It would appear that Ubisoft is sticking to their iconic open-world formula.
Over the past few years the French game maker has seen both critical and commercial success for its expansive open-world titles with 60-hour long stories, which isn’t going to change any time soon following recent comments from their CEO.
In an interview with Gamesindustry.biz, Ubisoft CEO Yves Guillemot stated that his company has no intentions of returning to shorter games with smaller worlds like Assassin’s Creed Unity’s Revolutionary Paris. In recent years, Guillemot’s company has produced games such as Assassin’s Creed Odyssey with main stories that last over 60-hours, which is a huge difference compared to Unity’s 15-hour long one.
To Guillemot, his company would like to develop games that have bigger worlds like Odyssey’s but smaller adventures like Unity’s.
“Our goal is to make sure you can have a Unity within an Odyssey,” said Guillemot. “If you want to have a story of 15 hours, you can have it, but you can also have other stories. You live in that world and you pursue what you want to pursue. You have an experience, many Unity-like experiences.”
He also praised Odyssey’s 60-hour story for providing players with a worthwhile investment and that it was the reason that the open-world Assassin’s Creed title was such a critical and commercial success last year. He stated that, “players got a lot from their investment in the game, a lot more than they got before.”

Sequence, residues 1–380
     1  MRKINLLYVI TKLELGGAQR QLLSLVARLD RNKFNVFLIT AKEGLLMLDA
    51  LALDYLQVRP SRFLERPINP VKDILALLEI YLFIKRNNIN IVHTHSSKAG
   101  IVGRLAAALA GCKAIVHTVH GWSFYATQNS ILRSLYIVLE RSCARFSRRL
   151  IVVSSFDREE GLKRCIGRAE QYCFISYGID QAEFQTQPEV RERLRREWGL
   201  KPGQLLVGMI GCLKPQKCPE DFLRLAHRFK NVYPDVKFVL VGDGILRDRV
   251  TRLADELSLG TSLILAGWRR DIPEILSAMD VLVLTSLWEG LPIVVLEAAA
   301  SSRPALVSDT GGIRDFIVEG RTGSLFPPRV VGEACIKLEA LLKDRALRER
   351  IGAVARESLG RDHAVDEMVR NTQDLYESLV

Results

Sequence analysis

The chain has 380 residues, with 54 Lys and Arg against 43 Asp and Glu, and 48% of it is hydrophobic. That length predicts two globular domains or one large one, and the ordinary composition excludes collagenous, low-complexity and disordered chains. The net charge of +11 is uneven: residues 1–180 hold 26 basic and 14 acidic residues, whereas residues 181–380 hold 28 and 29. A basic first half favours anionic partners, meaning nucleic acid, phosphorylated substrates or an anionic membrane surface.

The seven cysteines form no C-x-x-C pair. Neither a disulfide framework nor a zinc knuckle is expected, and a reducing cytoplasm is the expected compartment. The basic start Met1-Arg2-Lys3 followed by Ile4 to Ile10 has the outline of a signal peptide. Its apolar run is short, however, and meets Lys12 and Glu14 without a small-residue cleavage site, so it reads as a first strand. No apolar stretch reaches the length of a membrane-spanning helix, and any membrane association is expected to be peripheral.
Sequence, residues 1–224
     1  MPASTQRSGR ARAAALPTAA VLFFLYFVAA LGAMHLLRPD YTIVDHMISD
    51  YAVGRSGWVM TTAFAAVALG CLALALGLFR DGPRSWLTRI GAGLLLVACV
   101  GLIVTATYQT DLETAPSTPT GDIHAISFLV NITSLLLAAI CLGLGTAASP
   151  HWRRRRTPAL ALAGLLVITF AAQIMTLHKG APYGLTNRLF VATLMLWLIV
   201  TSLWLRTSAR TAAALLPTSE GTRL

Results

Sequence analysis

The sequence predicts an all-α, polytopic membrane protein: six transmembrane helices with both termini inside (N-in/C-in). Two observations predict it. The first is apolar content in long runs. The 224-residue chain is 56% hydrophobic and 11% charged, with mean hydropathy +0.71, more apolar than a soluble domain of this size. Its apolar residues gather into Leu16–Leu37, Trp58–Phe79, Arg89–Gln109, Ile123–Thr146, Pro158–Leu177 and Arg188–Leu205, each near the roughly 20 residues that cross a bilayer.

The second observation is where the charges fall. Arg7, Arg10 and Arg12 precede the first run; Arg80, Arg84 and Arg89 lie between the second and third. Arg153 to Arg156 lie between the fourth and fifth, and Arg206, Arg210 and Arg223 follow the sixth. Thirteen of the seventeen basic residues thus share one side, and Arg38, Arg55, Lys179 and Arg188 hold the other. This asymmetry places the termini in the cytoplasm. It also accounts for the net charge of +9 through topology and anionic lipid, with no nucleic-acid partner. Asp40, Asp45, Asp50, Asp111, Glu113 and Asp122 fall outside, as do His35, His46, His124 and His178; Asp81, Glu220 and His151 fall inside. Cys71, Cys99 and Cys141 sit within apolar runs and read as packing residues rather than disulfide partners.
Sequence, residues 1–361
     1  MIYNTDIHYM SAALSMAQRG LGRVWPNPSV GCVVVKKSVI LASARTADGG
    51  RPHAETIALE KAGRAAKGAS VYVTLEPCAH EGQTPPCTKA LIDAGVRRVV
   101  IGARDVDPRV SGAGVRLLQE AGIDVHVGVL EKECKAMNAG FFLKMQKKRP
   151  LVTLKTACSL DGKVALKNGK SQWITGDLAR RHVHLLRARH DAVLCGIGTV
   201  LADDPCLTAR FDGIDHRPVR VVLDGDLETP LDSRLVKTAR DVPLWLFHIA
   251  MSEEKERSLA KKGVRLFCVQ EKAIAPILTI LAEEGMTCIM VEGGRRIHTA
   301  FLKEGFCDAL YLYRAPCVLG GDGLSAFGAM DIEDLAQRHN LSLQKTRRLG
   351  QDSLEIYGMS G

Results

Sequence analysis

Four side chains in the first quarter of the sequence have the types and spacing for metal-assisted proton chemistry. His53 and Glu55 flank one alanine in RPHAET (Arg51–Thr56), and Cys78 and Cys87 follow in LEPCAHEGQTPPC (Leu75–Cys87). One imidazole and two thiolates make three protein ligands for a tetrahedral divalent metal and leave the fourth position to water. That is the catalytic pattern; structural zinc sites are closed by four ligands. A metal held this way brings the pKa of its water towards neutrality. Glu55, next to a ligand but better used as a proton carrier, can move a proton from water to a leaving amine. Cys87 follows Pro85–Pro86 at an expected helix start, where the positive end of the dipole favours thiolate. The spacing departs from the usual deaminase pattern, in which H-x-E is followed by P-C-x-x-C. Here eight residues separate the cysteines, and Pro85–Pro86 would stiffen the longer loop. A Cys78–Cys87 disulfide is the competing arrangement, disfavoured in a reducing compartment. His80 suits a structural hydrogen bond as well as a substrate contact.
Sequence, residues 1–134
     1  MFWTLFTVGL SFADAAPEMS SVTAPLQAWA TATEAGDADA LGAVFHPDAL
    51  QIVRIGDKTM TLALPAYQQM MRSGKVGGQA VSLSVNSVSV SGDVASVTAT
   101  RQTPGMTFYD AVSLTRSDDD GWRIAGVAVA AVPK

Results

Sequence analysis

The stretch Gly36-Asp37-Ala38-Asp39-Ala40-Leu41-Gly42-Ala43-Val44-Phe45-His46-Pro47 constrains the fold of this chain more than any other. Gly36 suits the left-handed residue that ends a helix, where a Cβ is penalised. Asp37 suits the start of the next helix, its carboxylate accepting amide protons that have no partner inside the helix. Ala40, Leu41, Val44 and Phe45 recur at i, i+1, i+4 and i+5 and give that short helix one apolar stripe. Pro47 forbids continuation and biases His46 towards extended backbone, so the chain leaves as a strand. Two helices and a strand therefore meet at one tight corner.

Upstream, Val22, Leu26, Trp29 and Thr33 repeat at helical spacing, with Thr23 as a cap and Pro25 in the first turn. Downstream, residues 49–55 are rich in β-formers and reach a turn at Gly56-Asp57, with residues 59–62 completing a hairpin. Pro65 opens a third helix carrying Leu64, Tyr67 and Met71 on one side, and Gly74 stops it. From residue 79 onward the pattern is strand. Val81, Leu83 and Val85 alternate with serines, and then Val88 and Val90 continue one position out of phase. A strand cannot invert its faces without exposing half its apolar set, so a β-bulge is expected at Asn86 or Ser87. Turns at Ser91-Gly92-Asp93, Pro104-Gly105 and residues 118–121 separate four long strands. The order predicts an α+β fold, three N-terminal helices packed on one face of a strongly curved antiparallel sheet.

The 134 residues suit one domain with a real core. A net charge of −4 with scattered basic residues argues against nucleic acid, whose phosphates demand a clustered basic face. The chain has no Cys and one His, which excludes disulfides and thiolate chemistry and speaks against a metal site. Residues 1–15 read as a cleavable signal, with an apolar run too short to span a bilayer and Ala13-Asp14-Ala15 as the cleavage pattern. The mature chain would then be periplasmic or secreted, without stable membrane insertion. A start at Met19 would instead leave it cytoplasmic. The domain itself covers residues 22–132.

Ubisoft pivoting to a live-service model has been proven to benefit the longevity of their games, with planned post-launch content such as story DLC, mictrotransaction boosters such as time savers, and digital currency. It is also an efficient way to cut costs on developing constant sequels in a franchise, which is what has made the model appealing to other companies such as Electronic Arts.
Guillemot’s recent comments are indicative that Ubisoft isn’t interested in looking to the past so much as it is to the future. Where this leaves older Ubisoft franchises such as Splinter Cell, which was well known for its more linear formula is unknown. However, it does explain why we haven’t seen Sam Fisher in his own solo outing since 2013’s Splinter Cell: Blacklist. The character was last seen during the Ghost Recon Wildlands side-mission Operation Watchman. It also adds further context as to why Ubisoft Paris has adopted a similar RPG formula to The Division and Assassin’s Creed Odyssey for Ghost Recon Breakpoint.
What do you think of this news? Are you a fan of Ubisoft’s open world formula? Let us know in the comments below!